The "Magnus effect" is a well documented force affecting spinning spheres.
I am acutely aware of the Magnus Effect and how to apply it to a sphere. As I was once a tournament-participating tennis player of several years, playing with spin on tennis balls was a necessity in winning matches (e.g., top spin, back spin, side spin).
For the record, I am a believer of the Magnus Effect. I am not
arguing that spin does not induce lift; from my own experience in tennis and with education of fluid dynamics, spin very much
induces lift; however, the direction of that lift is dependent upon the axis of rotation and direction of rotation. The concept of the Magnus Effect is that the rotating sphere is creating pockets of low and high air pressure, just like an airplane wing. The location of those pockets of different pressure depend, again, on the axis and direction of rotation.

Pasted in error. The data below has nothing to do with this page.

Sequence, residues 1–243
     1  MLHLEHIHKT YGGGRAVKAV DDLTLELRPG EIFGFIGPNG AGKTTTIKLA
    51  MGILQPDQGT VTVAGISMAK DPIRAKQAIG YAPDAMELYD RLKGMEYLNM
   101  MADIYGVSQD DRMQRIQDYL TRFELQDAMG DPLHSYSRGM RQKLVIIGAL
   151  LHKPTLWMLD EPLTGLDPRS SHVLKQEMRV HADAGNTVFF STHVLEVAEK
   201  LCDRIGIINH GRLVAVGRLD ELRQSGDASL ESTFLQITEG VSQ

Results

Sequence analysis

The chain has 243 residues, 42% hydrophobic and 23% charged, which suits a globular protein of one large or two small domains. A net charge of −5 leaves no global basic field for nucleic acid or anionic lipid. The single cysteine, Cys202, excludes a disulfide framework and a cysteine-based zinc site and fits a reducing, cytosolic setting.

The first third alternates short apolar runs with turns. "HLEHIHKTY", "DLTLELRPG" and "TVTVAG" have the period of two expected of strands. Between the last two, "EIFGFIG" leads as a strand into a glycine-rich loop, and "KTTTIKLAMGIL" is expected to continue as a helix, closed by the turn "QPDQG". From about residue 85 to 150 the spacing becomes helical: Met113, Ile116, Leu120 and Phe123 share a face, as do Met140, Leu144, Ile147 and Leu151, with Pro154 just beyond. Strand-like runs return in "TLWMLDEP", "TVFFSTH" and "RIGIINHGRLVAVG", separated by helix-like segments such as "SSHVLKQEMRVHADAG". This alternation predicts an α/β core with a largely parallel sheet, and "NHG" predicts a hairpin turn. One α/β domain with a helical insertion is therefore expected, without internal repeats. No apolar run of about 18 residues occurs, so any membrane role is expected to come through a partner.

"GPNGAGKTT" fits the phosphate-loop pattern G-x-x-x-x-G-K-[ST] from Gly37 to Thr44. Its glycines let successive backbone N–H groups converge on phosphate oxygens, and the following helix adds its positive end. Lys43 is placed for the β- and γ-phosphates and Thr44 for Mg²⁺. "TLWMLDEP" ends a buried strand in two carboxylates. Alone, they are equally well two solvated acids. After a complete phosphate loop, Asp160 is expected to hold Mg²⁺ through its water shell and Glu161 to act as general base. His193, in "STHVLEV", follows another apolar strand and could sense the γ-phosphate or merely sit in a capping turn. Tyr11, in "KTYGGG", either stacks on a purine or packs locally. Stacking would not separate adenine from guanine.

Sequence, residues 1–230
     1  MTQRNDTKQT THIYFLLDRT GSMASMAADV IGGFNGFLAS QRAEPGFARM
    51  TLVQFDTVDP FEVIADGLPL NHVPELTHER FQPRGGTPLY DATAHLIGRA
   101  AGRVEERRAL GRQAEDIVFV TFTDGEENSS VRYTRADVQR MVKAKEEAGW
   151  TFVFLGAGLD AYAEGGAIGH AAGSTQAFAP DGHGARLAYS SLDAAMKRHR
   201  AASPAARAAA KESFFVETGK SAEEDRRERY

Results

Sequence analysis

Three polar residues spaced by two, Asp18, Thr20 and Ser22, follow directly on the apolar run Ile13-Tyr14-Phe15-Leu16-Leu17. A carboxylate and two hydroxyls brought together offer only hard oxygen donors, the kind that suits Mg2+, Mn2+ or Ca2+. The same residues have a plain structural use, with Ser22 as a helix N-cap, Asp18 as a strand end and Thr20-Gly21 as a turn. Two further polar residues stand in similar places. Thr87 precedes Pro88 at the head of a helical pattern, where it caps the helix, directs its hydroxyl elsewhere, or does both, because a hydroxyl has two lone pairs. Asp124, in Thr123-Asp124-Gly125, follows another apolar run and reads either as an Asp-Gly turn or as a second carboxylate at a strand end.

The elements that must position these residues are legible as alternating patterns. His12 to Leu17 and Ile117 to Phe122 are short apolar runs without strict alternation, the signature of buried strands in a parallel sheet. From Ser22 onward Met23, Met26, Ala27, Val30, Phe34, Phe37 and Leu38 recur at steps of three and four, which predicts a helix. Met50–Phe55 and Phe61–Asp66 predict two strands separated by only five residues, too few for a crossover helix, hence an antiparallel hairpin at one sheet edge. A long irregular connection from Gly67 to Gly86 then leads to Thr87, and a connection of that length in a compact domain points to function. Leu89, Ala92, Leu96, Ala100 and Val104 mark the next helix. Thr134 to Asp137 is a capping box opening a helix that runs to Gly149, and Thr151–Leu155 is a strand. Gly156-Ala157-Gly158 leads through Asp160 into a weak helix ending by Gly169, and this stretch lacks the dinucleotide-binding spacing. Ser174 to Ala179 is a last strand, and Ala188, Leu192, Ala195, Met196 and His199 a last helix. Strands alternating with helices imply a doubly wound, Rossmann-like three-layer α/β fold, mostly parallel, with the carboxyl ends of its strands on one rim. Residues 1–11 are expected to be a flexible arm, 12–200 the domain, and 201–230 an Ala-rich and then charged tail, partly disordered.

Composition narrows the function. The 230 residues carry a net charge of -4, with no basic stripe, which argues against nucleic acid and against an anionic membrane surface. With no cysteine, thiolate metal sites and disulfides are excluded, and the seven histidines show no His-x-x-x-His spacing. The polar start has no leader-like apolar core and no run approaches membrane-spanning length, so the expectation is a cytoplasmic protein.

With that out of the way, what I was criticizing wasn't so much your conclusions about the data, but the presentation of the data. It's a chart with squiggly lines, but what those lines represent isn't well defined. For example, why are there two lines for each sample? The chart seems to indicate that it displays both coefficient of drag (CD
) and coefficient of lift (CL
), but which line is which? Also, those numbers are entirely dependent upon the Reynolds number of the sphere... does a paintball have a Reynolds number of 94,000?
By the way, one article that data is from, The Aerodynamics of Golf Balls
, is specific to golf balls. The article also assumes perfect spheres, which our paintballs are most definitely not due to their seam.
Again, I'm not criticizing the conclusions, I'm criticizing the presentation of data. Give context to the numbers. I'm not trying to kill this conversation, just making sure of the quality of presented data.
Edited by MrEeske, 26 December 2011 - 01:09 PM.